Around 30,000 would-be migrants from sub-Saharan Africa are camped out in Morocco, hoping to enter Spain via its North African exclaves, Ceuta and Melilla. That's according to police sources, who all point to the "enormous migratory pressure" that the two cities are under.
The information comes in the wake of an attempt by hundreds of migrants to enter Ceuta from Morocco on February 6. The incident ended in tragedy, with the death toll from the Tarajal beach crush reaching 15 after two more bodies were found over the weekend. The European Commission has since demanded explanations from Spain as to why officers stationed at the nearby border crossing used rubber bullets to try to deter the group from entering.
Police sources also point to "well-structured criminal organizations," which are dedicated to transporting and channeling the thousands of immigrants who are trying to reach Europe.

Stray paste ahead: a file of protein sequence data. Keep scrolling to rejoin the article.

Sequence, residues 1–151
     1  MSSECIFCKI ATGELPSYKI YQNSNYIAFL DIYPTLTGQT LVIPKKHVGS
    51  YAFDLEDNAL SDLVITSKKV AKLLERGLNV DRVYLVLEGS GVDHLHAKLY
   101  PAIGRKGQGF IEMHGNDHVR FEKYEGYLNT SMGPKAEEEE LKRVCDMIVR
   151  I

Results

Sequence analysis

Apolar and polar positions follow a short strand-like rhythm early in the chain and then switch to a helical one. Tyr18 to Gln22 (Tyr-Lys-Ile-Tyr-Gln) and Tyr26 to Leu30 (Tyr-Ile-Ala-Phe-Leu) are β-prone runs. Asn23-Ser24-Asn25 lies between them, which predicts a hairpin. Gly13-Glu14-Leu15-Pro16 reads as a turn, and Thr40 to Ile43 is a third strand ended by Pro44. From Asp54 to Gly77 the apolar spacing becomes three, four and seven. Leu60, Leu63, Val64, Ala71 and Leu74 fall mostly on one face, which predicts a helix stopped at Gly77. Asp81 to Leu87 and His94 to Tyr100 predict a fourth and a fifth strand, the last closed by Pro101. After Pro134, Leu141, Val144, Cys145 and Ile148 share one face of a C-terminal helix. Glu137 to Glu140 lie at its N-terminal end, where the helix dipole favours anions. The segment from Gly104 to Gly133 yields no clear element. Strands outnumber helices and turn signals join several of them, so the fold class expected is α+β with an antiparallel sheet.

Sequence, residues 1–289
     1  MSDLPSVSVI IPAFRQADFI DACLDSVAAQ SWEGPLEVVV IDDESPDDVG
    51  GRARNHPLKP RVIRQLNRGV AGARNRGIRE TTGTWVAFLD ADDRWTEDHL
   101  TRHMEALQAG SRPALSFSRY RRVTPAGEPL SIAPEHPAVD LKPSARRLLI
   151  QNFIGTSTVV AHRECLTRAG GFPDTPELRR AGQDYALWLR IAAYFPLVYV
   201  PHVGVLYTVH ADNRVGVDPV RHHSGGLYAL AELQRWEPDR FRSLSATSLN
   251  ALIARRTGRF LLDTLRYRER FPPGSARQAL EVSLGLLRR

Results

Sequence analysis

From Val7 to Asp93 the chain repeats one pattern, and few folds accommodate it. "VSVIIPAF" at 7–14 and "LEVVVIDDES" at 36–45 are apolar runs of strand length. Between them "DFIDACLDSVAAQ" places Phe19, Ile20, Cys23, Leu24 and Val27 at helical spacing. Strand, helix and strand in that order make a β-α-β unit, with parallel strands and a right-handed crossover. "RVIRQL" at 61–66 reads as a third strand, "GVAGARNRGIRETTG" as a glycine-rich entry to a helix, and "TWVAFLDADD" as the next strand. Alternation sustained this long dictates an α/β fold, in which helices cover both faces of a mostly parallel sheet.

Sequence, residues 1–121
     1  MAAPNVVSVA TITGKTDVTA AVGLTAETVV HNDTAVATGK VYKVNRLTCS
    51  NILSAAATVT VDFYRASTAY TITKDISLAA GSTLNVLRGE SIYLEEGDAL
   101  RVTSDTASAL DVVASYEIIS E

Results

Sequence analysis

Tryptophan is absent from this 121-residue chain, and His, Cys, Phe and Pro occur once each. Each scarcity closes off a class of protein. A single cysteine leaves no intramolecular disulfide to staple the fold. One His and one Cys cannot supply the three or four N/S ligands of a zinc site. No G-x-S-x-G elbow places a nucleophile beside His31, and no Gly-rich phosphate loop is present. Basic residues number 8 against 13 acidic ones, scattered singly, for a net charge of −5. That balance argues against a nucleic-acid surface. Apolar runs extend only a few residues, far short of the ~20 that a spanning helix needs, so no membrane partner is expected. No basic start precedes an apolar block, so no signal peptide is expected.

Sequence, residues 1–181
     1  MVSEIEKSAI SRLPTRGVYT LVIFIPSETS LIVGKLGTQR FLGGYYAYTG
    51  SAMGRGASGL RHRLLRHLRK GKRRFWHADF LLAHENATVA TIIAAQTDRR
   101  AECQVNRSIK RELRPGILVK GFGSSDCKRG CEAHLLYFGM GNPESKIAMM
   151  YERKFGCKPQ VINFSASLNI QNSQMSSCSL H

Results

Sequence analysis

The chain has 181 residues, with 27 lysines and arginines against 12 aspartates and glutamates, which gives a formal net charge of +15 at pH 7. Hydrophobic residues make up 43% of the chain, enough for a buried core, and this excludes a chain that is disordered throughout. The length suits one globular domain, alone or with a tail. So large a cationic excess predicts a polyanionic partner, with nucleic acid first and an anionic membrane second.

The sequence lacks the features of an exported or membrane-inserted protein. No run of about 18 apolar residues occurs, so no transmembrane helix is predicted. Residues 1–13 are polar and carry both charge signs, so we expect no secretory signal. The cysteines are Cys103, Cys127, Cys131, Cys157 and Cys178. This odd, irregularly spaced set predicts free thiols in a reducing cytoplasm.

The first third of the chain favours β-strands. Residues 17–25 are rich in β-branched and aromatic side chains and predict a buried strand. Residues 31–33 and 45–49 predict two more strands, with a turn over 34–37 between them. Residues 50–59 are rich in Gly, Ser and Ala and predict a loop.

However, many of the would-be migrants do not have funds to pay the mafias, meaning that attempting to jump the fences in Ceuta and Melilla is "the only option for them to cross from Morocco to Spanish soil, given that it has no cost and can be attempted at any time," say security sources. Attempting a crossing by boat is riskier and migrants have to pay before embarking.
On many occasions, migrants know the date on which a human stampede against the fence is due to take place in advance. The same sources report that news reached Mauritania that a crossing attempt was to be made on February 6 four days in advance, which prompted one group to immediately begin the trek to Ceuta in order to take part.
The authorities say they are also greatly concerned about the rise in attempts to smuggle immigrants across the border in vehicles with secret compartments.